Snooze or you Lose: How to Get a Good Night’s Sleep

Snoozeville. Dreamland. The Land of Nod. Whatever you call it, a good night’s sleep is the ultimate secret weapon when it comes to a productive and satisfying life at home and at work. Sleep experts say that we need 7-8 hours of sleep every night to be at our best.

Insufficient sleep can lead to a whole world of problems relating to your mood, your efficiency and even your health. It is believed that a lack of sleep can contribute to depression, heart problems and a diminished attention span.

Your work life can suffer too! Employees who aren’t getting enough shut-eye are likely to have reduced productivity and to struggle with motivation. So your sleeping pattern can have a direct effect on your professional success.

It’s important to understand the value of getting enough deep sleep on a regular basis. Whether you struggle to nod off at night or not, everyone can enjoy the benefits of following our top tips for a super slumber:

1. Get your room in order

Your sleeping environment can affect the quality of sleep you get. So, get your bedroom sleep-ready!

  • Your bed – Make sure that your bed, pillows and bedding are right for you. If rock hard pillows are giving you grief with your neck or your duvet leaves you in a sweat, change things up to ensure your bed is perfect for you.
  • Light – Unwanted light in your bedroom can disrupt your sleep, so it may be worth investing in some blackout blinds/curtains to block it all out!
  • Temperature – Everyone is different, some prefer a cooler temperature and some like it hot hot hot! Whichever you prefer, make sure that your room is at a comfortable temperature before you go to bed.
  • Noise – Barking dogs? Snoring partner? Annoying ticking sounds? These are all things that can prevent you from drifting off and do disturb your deep sleep. Ear plugs and white noise machines can really help to stop unwelcome sounds from disturbing you.

2. Prepare your body for sleep

Living an active lifestyle can do wonders for your health and even your sleeping pattern! Partaking in regular exercise can help you sleep better at night, and can be a great way to wear yourself out. But remember, don’t exercise within 4 hours of bedtime; you need to leave enough time for your body to be ready to rest and for the adrenaline and endorphins released during physical activity to settle down.

Stimulants such as caffeine and nicotine can keep you up at night, so try to avoid these, along with alcohol, in the evenings. Also, try not to eat a big meal within 2 or 3 hours of when you’re planning on going to bed, if your tummy starts to rumble, a light snack no later than 45 minutes before bed should keep the hunger pangs at bay.

TIP: Do you ever suffer from indigestion at night? Try sleeping on your left side, as some studies suggest that this allows your digestive system to settle.

3. Wind down

Implementing a relaxation routine in the evening can train your body to be ready for sleep.

For example, sleep experts place value on dimming the lights a couple of hours before bed time which will trigger the sleep hormone, melatonin. Bright lights or ‘blue light’ (from TVs, phones and other technological devices) can actually make your brain stay awake, so try to keep these to a minimum as bedtime approaches. If you’re a keen bookworm who likes to read before bed, then you could try a lower powered bulb so you can still enjoy your book without affecting your ability to fall asleep later.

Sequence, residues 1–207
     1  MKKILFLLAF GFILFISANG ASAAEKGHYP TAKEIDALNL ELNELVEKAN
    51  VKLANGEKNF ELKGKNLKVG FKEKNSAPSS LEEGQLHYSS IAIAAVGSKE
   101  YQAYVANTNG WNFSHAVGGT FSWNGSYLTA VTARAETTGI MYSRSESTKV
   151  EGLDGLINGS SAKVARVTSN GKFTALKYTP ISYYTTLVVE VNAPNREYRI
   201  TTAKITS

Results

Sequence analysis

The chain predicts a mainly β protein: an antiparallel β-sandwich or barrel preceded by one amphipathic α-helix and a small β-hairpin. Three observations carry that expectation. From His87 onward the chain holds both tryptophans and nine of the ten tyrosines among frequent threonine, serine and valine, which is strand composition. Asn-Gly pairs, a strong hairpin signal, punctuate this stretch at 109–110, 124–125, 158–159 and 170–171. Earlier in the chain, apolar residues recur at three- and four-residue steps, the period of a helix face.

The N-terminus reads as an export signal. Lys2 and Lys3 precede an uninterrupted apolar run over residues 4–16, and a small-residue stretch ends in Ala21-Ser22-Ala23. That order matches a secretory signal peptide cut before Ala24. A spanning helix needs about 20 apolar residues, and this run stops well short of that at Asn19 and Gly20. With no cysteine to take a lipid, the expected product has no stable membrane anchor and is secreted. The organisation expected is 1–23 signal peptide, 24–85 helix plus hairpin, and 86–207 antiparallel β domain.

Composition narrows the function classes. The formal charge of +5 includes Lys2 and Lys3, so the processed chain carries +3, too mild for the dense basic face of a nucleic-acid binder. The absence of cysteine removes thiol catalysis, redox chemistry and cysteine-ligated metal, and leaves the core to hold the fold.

Dim the lights around your home 2 to 3 hours before bedtime. Lower light levels signal your brain to make melatonin, the hormone that brings on sleep.

4. Sleep routine

You may not have had a set bedtime since you were ten years old, but don’t underestimate what it can do for you! Having a defined routine for your sleep allows your circadian rhythm to come into play. If you commit to going to sleep and waking up at the same times every day (yes, even on the weekend where possible), you’ll soon find that your body naturally falls into this pattern. This will leave you falling asleep almost on cue at night, and waking up refreshed in the morning!

TIP: To get into this habit, set an alarm for waking up and set one for bedtime. Also, don’t hit that snooze button in the morning; this can do more harm than good and leave you feeling groggy.

5. Clear your mind

Most of us will be familiar with the feeling of staring at the ceiling while a million thoughts whiz through our minds. Money troubles, personal problems, worries about work or even that stupid thing you did today – mulling these over at night can keep you wide awake for hours. Don’t let it happen!

The chances are that there really isn’t much you can do to rectify the situation at midnight on a Tuesday, in your flannel pyjamas, so just let it go. If you’re having trouble shaking these thoughts, get up, go to another room and write your thoughts down. This will let you express your feelings, explore resolutions and then put them to bed for the night.

Similarly, don’t look at your clock if you wake up in the night, knowing how much or how little time you have left for sleep can also keep you awake. If necessary, turn your clock to face away from you and leave your phone out of reach.

Falling asleep (and staying asleep) with all the distractions life throws at us is not always easy. However, do all you can to prevent sacrificing golden sleep. These tips should help snooze your way to a better you!


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